Fifth-graders learn about living organisms, the activities of the earth and the attributes of matter and energy. Class activities include viewing plant cells with a microscope, learning how water changes from a liquid into a gas and identifying elements from the periodic table. All together, these topics belong to the life, earth and physical sciences. Students learn these subjects with hands-on scientific activities that imitate professional work. This process attempts to motivate students into being curious about science.
Suggested content for fifth-grade students include identifying answerable scientific questions, planning and carrying out investigations, working with data and using evidence. Overall, this work is done in order to develop a logical mind that is capable of thinking critically. These skills allow students to check if an argument is backed up by evidence and if a problem has many possible solutions.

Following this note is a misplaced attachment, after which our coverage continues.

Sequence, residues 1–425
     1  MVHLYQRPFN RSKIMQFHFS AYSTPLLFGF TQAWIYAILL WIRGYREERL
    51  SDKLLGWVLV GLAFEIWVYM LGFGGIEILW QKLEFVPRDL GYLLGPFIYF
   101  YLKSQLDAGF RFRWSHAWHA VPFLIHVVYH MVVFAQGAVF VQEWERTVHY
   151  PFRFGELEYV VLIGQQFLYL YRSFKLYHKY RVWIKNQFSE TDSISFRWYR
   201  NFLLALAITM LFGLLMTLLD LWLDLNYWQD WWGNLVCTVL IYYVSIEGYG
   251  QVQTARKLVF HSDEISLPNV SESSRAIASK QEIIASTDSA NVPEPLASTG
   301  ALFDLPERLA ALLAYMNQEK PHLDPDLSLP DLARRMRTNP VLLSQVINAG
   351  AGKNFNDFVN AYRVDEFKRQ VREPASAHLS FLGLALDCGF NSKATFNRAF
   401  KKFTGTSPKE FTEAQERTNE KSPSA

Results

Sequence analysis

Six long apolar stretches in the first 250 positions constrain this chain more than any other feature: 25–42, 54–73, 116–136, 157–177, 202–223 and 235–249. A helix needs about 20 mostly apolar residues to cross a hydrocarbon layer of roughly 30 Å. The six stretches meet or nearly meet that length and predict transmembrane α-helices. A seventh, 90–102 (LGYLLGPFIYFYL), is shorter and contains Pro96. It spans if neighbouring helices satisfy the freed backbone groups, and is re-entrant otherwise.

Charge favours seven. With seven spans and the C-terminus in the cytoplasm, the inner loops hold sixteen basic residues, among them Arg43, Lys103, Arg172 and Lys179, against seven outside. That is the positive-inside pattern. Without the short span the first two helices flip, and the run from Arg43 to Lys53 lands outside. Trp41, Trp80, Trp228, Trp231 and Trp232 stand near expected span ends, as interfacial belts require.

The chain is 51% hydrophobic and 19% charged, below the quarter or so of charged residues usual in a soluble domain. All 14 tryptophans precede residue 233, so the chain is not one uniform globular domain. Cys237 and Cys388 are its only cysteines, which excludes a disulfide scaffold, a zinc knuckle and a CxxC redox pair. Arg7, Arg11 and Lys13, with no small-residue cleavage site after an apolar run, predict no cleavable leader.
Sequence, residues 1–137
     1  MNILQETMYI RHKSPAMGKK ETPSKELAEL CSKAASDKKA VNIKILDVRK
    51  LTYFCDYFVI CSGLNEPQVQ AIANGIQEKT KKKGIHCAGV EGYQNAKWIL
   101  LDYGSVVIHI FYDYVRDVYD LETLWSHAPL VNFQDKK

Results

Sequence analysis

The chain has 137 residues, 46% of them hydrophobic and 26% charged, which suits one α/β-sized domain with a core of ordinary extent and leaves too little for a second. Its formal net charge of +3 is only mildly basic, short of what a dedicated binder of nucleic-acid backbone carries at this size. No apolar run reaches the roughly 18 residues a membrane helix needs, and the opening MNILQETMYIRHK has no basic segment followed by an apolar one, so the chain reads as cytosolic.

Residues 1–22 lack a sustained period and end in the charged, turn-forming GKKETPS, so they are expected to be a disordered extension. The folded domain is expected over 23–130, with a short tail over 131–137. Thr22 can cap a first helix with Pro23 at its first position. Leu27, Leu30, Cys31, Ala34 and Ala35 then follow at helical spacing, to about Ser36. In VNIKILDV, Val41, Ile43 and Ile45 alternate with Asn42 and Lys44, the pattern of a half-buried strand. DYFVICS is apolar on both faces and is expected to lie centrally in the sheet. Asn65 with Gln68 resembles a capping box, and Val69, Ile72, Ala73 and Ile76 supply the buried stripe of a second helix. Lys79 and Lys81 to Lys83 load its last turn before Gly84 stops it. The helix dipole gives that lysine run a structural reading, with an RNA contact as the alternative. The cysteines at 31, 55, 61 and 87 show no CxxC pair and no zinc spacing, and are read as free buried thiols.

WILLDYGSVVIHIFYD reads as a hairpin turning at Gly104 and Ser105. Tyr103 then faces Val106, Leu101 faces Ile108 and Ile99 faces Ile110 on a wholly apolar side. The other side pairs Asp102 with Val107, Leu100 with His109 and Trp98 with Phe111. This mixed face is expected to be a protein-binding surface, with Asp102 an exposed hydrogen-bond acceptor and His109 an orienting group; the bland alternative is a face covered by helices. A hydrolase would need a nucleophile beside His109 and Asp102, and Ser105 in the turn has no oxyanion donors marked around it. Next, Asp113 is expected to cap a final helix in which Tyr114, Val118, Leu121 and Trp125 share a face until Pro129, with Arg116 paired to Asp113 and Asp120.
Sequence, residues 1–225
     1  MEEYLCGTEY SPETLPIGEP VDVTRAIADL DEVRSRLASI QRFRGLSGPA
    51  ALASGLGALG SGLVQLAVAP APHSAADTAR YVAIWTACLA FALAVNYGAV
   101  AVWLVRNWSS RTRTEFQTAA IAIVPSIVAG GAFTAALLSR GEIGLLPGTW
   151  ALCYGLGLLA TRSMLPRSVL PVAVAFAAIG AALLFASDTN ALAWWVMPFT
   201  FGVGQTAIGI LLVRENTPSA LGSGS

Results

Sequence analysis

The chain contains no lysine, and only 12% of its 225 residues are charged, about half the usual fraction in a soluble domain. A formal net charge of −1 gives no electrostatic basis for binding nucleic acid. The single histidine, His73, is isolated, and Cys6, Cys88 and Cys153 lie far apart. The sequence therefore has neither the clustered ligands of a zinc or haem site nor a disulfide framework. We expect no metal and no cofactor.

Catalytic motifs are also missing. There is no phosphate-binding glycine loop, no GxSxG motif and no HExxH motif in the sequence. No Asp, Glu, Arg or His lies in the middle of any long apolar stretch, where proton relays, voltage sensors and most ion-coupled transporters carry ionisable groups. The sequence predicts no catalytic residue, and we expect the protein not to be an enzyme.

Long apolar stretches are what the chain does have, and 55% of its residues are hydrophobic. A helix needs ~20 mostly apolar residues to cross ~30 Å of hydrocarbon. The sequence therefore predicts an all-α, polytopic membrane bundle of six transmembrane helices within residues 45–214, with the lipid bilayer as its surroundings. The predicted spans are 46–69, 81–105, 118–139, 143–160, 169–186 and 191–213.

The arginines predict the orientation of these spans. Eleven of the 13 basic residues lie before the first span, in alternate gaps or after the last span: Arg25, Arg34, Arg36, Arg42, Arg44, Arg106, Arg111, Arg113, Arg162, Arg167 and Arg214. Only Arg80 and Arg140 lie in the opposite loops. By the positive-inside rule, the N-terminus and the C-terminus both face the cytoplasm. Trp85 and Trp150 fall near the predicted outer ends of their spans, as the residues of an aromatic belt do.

Since the exact standards to which fifth-grade students are taught varies from state to state, individuals should consult their state's Department of Education website. Country-wide organizations, such as the National Council of Teachers of English, the National Council for Social Studies and the National Research Council, develop each set of standards for the different subjects. While some states directly adopt these standards, other states use them as guidelines and adopt different rules instead.